I have always been frustrated at the price paid for wine in a restaurant. I know that liquor sales are what make most restaurants profitable and I can't fault them for that. I don't even mind paying $20 for a bottle that might otherwise sell for $10 at the store. What I get riled up about is the bottle that retails for $50-100 and can cost upwards of $200 on the wine list. In recent years I have found that there is an alternative to the high prices. Corkage!
For those not familiar with corkage it is the idea of bringing your own bottle of wine to dinner and having the restaurant, for a small fee, open and serve the wine. They are reasonably entitled to the fee because they serve the wine and furnish glasses. The fee is usually anywhere from $5 to $20 and usually corresponds to the menu prices. In some places that choose not to have a liquor license it may even be free.
Given our current economic crisis (I know, another blogger trying to capitalize on the big news headline, how original), I think it is fair to say that many of us are looking to save a little money. I am by no means advocating bringing a bottle of two buck chuck and paying $20 to have it opened with dinner (though it that's your style well I won't stop you). What I am advocating is picking up a $50 or more bottle of wine and paying the $20 for corkage. You can usually find some fantastic bottles at this price, and some even cheaper. That makes a $50 bottle a $70 bottle, that might have cost you as much as $200 at the restaurant.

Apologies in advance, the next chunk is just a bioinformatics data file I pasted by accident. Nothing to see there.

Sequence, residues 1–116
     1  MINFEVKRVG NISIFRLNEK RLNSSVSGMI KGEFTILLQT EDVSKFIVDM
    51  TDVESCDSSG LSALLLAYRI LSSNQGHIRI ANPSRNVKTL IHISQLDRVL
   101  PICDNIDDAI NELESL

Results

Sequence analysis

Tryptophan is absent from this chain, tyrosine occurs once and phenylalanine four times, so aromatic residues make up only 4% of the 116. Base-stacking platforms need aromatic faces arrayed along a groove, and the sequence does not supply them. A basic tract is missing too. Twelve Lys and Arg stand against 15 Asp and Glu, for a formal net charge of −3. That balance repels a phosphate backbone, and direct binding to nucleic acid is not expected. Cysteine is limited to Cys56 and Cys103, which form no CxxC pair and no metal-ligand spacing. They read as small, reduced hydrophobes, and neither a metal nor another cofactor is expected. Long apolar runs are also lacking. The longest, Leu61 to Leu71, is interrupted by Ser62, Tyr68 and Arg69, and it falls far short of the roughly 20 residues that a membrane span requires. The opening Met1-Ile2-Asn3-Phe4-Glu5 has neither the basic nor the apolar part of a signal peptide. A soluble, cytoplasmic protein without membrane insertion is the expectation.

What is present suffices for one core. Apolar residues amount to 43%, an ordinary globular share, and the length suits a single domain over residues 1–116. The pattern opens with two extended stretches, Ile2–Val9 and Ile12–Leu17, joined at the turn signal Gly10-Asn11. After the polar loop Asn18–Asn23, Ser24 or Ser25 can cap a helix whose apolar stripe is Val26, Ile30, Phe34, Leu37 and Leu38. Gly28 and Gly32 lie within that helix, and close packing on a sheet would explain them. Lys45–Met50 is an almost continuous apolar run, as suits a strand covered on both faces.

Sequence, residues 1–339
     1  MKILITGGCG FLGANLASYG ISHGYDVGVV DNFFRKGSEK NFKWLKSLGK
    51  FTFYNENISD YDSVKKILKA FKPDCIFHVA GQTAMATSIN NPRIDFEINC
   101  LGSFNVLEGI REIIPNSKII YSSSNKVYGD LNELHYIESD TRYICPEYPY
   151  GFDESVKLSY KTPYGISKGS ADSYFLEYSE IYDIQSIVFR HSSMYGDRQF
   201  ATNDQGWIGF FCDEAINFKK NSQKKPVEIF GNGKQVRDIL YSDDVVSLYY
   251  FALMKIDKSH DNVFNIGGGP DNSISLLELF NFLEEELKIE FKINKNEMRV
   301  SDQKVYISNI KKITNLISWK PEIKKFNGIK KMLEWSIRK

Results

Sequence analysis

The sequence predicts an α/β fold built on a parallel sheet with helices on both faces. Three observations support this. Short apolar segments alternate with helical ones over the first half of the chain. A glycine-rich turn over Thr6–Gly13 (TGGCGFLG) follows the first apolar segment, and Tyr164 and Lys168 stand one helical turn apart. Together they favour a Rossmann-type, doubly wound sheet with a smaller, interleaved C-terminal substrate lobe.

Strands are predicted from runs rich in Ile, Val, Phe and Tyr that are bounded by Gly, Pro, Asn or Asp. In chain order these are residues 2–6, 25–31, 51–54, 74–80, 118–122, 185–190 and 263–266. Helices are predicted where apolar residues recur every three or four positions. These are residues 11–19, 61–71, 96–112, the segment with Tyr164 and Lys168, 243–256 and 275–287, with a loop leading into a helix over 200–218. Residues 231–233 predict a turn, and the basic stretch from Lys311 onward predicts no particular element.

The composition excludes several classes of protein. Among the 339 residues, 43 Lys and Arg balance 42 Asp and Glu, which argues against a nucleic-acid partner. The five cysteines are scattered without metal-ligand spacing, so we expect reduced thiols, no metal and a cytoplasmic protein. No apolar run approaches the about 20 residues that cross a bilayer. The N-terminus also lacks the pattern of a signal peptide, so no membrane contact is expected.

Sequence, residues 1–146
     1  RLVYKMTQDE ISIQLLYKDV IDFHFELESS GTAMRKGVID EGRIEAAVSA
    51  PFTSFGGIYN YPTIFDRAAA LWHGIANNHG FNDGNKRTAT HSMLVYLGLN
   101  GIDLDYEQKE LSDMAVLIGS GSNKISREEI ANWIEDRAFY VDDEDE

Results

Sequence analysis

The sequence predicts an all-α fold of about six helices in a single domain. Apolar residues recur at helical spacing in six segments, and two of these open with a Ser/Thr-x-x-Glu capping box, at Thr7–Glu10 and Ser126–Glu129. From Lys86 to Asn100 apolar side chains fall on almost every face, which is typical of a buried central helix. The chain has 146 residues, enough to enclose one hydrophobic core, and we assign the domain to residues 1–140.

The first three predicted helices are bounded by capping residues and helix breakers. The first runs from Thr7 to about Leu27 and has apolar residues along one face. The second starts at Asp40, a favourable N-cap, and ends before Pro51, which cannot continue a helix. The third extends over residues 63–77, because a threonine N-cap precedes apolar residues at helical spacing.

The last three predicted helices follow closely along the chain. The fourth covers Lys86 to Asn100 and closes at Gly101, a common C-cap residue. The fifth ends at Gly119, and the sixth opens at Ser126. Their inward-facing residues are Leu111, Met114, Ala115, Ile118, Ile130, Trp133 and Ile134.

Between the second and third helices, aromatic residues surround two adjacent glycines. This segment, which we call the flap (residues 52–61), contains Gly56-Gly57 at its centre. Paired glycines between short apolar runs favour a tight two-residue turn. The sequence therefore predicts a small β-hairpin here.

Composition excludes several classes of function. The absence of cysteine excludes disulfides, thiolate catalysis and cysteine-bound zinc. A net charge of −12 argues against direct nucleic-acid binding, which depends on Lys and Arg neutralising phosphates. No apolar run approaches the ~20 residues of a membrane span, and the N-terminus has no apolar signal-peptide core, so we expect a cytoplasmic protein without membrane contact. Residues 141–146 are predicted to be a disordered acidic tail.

One of my favorites for this is Tango Sur. I have written about Tango Sur before, but I just wanted to highlight its free corkage. Beer, wine, they might even let you bring a bottle of everclear if you were so inclined (eech). The point is that it is a great place to enjoy a fantastic bottle of wine with a fantastic meal and save some coin.
On the higher end of things I recently brought a bottle of 1998 Larrivet-Haut-Brion to Mon Ami Gabi. It was a fantastic wine that there was no way I could afford had I tried to buy it off a list (that is if they even had it). Sure I paid a markup on it, but it was stil lvery reasonable comparatively.
Chicago is awash in restaurants and almost all of them will accomodate you if you are willing to work with them. I recommend calling to find out the corkage policy before visiting. Some of them will even waive the fee if you buy a bottle off the list first.
One more nice resource for Chicago is the book BYOB Chicago. The book details restaurants that offer free corkage. If you don't find the restaurant in the book, call, I can almost guarantee they have a policy and will be happy to help you out.